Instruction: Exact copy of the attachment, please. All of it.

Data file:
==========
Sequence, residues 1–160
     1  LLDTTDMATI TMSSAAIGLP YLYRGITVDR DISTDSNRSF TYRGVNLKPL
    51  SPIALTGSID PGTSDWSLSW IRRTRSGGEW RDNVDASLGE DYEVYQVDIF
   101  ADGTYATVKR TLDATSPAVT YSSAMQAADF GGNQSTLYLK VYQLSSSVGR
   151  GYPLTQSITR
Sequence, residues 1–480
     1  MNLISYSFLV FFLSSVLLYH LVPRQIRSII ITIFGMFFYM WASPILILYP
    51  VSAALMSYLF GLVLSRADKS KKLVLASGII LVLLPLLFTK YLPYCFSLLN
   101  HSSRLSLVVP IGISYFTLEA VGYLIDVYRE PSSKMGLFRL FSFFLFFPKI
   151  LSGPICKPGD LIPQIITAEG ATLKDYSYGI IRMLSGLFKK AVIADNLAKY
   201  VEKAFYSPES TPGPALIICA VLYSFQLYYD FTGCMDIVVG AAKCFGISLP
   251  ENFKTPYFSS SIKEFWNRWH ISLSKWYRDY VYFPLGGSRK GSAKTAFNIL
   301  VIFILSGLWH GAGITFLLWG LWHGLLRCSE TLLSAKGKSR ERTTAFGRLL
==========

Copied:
Sequence, residues 1–160
     1  LLDTTDMATI TMSSAAIGLP YLYRGITVDR DISTDSNRSF TYRGVNLKPL
    51  SPIALTGSID PGTSDWSLSW IRRTRSGGEW RDNVDASLGE DYEVYQVDIF
   101  ADGTYATVKR TLDATSPAVT YSSAMQAADF GGNQSTLYLK VYQLSSSVGR
   151  GYPLTQSITR
Sequence, residues 1–480
     1  MNLISYSFLV FFLSSVLLYH LVPRQIRSII ITIFGMFFYM WASPILILYP
    51  VSAALMSYLF GLVLSRADKS KKLVLASGII LVLLPLLFTK YLPYCFSLLN
   101  HSSRLSLVVP IGISYFTLEA VGYLIDVYRE PSSKMGLFRL FSFFLFFPKI
   151  LSGPICKPGD LIPQIITAEG ATLKDYSYGI IRMLSGLFKK AVIADNLAKY
   201  VEKAFYSPES TPGPALIICA VLYSFQLYYD FTGCMDIVVG AAKCFGISLP
   251  ENFKTPYFSS SIKEFWNRWH ISLSKWYRDY VYFPLGGSRK GSAKTAFNIL
   301  VIFILSGLWH GAGITFLLWG LWHGLLRCSE TLLSAKGKSR ERTTAFGRLL